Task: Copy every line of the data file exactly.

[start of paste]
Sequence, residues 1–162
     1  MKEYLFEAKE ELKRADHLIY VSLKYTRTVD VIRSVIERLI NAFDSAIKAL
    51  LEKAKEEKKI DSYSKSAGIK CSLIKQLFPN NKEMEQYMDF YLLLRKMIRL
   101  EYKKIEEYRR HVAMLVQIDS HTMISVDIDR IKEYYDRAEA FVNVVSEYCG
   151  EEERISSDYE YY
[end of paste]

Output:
Sequence, residues 1–162
     1  MKEYLFEAKE ELKRADHLIY VSLKYTRTVD VIRSVIERLI NAFDSAIKAL
    51  LEKAKEEKKI DSYSKSAGIK CSLIKQLFPN NKEMEQYMDF YLLLRKMIRL
   101  EYKKIEEYRR HVAMLVQIDS HTMISVDIDR IKEYYDRAEA FVNVVSEYCG
   151  EEERISSDYE YY